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LinuxKit based LCOW images


This repository hosts the components to build a LinuxKit based Linux image for Linux Containers on Windows.

Note: LCOW support was experimental and is no longer being developed. This repository is now archived.


This section describes how to use Linux Containers on Windows with LinuxKit.


To use Linux Containers on Windows you need a Windows build supporting the feature, i.e., Windows 10 Pro or Windows Server 2016 1709 (or newer Insider builds). You also need to have Hyper-V and the Container feature enabled.


For now, you need a recent version of docker, such as a nightly build from the master branch. In PowerShell:

Invoke-WebRequest -UseBasicParsing -OutFile
Expand-Archive -DestinationPath $Env:ProgramFiles

Next, you need to get the LinuxKit images. You can either build them yourself (see below) or download the latest zip file from the releases page. Then unzip in an elevated PowerShell:

Remove-Item "$env:ProgramFiles\Linux Containers" -Force -Recurse
Expand-Archive -DestinationPath "$Env:ProgramFiles\Linux Containers\."


On recent docker master builds (master-dockerproject-2018-01-20, build 44a1168a or newer):

Start the docker daemon (in an elevated PowerShell):

.\dockerd.exe -D --experimental

You should now be able to run Linux containers on Windows, e.g.:

docker run --platform linux --rm -ti busybox sh

On older docker master builds:

Start the docker daemon (in an elevated PowerShell):

Remove-Item c:\lcow -Force -Recurse; mkdir c:\lcow
.\dockerd.exe -D --experimental --data-root c:\lcow

(Note: If your kernel is older than 4.14 and is configured with KASLR you may want to add --storage-opt lcow.bootparameters="nokaslr" to the dockerd command line.)

You should now be able to run Linux containers on Windows, e.g.:

docker run --rm -ti busybox sh

If you already have docker installed on your system you probably want to start the daemon (and the client) on a non-standard named pipe using the -H "npipe:////./pipe//docker_lcow" for both.


The LinuxKit image is build from lcow.yml and the main package is called init-lcow.


To build images and packages you will need the LinuxKit tool. You also need to have a working Docker installation.

If you already have go installed you can use go get -u to install the linuxkit tool.

On macOS there is a brew tap available. Detailed instructions are at linuxkit/homebrew-linuxkit, but the short summary is:

brew tap linuxkit/linuxkit
brew install --HEAD linuxkit

Building the LCOW image

Simply type:


which generates kernel and initrd.img which need to be copied to "$env:ProgramFiles\Linux Containers\kernel" on your Windows system.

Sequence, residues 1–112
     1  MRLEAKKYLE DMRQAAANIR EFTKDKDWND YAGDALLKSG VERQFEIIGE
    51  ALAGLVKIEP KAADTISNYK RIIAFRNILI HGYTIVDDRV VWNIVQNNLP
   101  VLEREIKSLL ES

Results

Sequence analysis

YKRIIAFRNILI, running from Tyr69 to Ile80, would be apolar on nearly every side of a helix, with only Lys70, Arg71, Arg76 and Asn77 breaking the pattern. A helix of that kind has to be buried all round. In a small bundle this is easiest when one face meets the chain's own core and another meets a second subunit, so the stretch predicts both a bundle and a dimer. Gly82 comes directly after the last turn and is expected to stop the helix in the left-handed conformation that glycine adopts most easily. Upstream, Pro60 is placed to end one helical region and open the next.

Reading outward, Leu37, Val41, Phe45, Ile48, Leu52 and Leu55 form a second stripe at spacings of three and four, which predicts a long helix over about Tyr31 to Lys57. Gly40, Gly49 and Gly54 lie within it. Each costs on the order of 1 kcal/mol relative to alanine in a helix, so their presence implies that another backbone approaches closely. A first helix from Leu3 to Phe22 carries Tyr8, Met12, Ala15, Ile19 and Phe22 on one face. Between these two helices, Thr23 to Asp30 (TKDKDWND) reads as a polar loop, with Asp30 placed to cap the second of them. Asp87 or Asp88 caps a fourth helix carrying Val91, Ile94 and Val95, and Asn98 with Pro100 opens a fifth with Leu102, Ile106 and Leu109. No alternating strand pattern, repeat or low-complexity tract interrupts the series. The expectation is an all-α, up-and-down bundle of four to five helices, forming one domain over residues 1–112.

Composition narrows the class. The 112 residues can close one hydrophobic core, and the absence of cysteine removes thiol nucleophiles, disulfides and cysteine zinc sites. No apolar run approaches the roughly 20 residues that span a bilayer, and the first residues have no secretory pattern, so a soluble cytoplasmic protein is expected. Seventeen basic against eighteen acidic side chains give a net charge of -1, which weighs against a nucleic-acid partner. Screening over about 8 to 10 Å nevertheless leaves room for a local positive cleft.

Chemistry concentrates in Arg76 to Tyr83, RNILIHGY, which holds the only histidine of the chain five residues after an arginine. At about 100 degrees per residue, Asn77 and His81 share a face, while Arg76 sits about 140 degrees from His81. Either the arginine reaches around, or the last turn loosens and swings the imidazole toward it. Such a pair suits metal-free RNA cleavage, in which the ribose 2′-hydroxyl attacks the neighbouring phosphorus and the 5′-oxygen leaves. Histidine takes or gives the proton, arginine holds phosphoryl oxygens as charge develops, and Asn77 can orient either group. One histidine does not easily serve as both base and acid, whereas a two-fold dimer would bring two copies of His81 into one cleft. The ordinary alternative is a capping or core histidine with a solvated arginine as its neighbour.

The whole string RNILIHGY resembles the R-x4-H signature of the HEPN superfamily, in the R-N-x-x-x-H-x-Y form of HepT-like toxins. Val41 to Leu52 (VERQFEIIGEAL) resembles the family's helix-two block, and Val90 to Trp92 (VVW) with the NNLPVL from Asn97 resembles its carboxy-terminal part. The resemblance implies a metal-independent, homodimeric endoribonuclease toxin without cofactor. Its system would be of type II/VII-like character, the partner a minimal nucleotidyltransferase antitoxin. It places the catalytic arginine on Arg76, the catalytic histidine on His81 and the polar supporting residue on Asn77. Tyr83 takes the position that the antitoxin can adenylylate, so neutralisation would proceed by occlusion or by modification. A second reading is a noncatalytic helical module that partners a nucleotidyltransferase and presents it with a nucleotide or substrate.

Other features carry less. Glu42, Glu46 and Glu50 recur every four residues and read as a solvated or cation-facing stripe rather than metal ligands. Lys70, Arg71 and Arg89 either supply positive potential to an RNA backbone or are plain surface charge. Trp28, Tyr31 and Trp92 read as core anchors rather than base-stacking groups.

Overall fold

Alternatively, use:

linuxkit build lcow.yml

This will generate three files: lcow-kernel, lcow-initrd.img, and lcow-cmdline. lcow-kernel needs to be copied to "$env:ProgramFiles\Linux Containers\kernel" and lcow-initrd.img to "$env:ProgramFiles\Linux Containers\initrd.img".

Building the init-lcow package

The init-lcow contains a minimal init system used inside the LCOW and mainly consists of the OpenGCS deamon. To rebuild the package use the linuxkit tool:

linuxkit pkg build -org foo pkg/init-lcow

This should create a local image foo/init-lcow:<tag> which can be used lcow.yml. To build and push the image to hub use:

linuxkit pkg build -org <your hub name> -disable-content-trust pkg/init-lcow

You can omit -disable-content-trust if your registry has Docker Content Trust enabled.


The tests directory contains a number of tests for LCOW written using rtf. To run them you can simply execute RunTests.ps1 inside the .\tests directory. It will pick up the kernel/initrd in the parent directory if present. Alternatively, it can download the artefact from CircleCI if you supply the build number. The script will also download the latest version of docker and the version of the rtf binary.

Test results will be stored in .\tests\_results\<UUID> directory where <UUID> is the UUID printed out during the test run.

To manually run the test, make sure you have a working LCOW system set up. You'll also need a copy of the rtf.exe binary (see RunTests.ps1 on how to obtain it or go get .. it). Further, docker must also be in your path.

To run tests, use rtf run inside the .\tests directory. To list which tests are available use rtf list or rtf info. To run an individual test or a group of tests use rtf run <name>.